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Hi there! I've found this particularly fascinating, so much so that I'd like to do a school project on the tragic suicides of famous authors. I was wondering if anyone could provide a list of some well-known authors who've commited suicide, preferably ones in the older literary periods. I would really appreciate it! I come, hat in hand, to benefit from anyone's wisdom. Thank you.
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In the universe of all poets and writers it seems like there is an enormous number of poets and writers who have not had mental disorders and who have not committed suicide.
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What i have found after years of intense inner work is that the causes of these states go very deep, perhaps even being past life issues, if that's your belief.

It has taken years of meditation, yoga, fitness, proper diet etc. to get to the point where i know the episodes, though damaging and draining, are not the end of the world.

And i can even at times have the ability to get
'on top' of a current emotional or psychological experience, transform the energy and heal the condition with awareness.

As far as medication goes, by far the best for me is to fry some cannabis in butter till very dark and consume
it. yes, that's right. i eat some of the mary jane and find a relieving, helpful and healing state of being.
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Do you think life is just one big fun time joyride of love and dessert? Really? Happiness is the exception of existence, not the norm. Most of life is struggle, frustration, anger and depression. Hard work, anxiety, failure, getting knocked down and climbing back up, that is normal.

The good times, the happy events, the blessed miricles that occur, make it all worthwhile, but they are not going to happen every day, all day, and all night too.

Ninety Nine percent of you self diagnosed Bi-polar sufferers could be cured with a good swift kick in the pants.

Now get off my lawn.
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Solidarity often produces original thought at the cost of the undefinable disconnection with others. I personally had to make a decision as of how far I was willing to go for my writing, and it is true that I feel like a slave to it, more than the other way round.

Consider too that these creative types are self-admitted pioneers of the human experience by way of documentation. Adventuring into that dark cave can make anyone despondent over a long period, especially obsessive types, and those already predisposed to social conditions and depression. I don't believe it to be self-fulfilling prophesy for the most part however.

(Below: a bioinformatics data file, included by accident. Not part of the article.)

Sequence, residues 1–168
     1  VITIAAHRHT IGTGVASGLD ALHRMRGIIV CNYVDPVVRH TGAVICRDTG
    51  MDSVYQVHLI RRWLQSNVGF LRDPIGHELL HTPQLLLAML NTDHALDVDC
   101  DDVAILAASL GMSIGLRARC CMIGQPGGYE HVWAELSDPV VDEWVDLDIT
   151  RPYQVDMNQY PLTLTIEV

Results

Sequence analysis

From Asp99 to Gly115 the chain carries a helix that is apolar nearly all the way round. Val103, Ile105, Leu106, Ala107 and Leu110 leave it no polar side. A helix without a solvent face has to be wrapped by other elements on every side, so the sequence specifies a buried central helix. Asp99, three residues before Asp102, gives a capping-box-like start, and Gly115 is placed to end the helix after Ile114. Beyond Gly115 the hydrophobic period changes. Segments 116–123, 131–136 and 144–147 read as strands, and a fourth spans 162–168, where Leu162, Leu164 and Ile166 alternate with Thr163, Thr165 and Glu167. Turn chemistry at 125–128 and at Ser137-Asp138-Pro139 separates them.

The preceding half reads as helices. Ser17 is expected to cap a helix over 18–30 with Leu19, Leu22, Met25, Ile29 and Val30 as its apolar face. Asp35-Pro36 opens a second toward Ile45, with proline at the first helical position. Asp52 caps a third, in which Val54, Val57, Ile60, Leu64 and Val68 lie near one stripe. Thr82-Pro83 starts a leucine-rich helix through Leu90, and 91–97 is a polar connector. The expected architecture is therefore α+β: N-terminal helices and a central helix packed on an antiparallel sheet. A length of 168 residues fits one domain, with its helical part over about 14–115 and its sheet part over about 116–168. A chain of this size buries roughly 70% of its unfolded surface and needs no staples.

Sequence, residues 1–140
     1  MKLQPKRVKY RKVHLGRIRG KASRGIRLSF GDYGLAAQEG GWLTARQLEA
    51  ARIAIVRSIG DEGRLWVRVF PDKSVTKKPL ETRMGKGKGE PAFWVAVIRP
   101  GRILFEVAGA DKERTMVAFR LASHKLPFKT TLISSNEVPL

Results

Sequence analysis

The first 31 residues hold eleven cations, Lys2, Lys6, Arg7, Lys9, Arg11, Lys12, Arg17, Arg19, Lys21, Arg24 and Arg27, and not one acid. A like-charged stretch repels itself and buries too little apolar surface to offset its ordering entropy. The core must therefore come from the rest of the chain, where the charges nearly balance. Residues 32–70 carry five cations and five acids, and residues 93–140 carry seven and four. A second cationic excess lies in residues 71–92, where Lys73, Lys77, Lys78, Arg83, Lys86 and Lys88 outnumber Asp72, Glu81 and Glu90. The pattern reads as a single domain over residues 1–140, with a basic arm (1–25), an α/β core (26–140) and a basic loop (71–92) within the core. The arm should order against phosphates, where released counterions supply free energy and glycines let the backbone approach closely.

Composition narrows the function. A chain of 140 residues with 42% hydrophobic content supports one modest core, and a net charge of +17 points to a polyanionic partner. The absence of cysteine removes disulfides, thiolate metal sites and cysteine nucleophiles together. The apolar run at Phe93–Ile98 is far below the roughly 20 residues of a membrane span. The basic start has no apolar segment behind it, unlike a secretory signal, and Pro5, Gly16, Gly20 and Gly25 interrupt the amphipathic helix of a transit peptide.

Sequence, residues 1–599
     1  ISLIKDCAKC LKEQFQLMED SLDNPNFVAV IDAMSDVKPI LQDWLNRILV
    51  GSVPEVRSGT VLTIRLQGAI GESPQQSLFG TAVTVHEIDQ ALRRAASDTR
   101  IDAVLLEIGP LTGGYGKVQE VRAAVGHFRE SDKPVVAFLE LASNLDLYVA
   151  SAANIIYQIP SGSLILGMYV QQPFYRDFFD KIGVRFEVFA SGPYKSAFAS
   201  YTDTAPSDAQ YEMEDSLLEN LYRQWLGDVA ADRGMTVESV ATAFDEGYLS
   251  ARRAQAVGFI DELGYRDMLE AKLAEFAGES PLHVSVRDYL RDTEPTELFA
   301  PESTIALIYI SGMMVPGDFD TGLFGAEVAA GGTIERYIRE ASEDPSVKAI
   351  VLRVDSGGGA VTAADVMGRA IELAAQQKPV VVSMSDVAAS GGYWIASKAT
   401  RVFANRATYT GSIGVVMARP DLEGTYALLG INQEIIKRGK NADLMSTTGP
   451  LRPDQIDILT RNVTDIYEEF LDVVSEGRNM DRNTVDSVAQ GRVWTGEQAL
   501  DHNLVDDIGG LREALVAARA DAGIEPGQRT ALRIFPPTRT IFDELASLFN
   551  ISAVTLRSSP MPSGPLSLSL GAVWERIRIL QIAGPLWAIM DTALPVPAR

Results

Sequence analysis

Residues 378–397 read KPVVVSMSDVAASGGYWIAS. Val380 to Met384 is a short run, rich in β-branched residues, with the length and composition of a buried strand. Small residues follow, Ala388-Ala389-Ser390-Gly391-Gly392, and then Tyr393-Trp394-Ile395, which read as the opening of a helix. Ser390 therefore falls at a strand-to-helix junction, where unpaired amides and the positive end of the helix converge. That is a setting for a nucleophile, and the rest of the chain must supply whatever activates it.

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randall-if you think that you have no clue how painful and crippling real depression is.

I'm on drugs for depression. With them I'm not in emotional agony all the time, only about half the time. I'm not looking for happiness, just releif form constant pain.
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This article is very interesting.
I aspire to be the best writer I can be in the future, since I'm only in grade 8, and a girl too I don't know what's ahead of me. Whether real or not, this theory states that I myself can be susceptible to suicide. We must all realize that whatever happens, we must hold on to dear life.I know there are obstacles ahead of me, and I will surely go through tough times. And if I would feel like a bell jar descends upon me, I will never let it stop me from striving on.

Hahaha! Sorry got a bit carried away :D
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Tamara - Sorry, I know this is morbid, but Plath did, in fact, put her head literally into the oven. She sealed the kitchen with towels and tape after leaving bread and milk for her children (and opening the window in their bedroom). She folded a kitchen towel, placed on the opened oven door and laid her head on it. We know this because of the testimony of those who found her (there was an inquest, which Ted Hughes attended, wherein her death was ruled a suicide). It was her doctor's belief that the anti depressants he had prescribed for her ironically contributed to her suicide,as the type of drug (mono oxidase inhibitor) can make a person more active but still feeling depressed, at the beginning of the treatment. What's striking for me personally, is that writers like Plath can write when depressed, that they are able to produce work. Anyone who has ever been depressed knows how difficult this must be. Plath wrote despite being depressed, not necessarily because of her depression.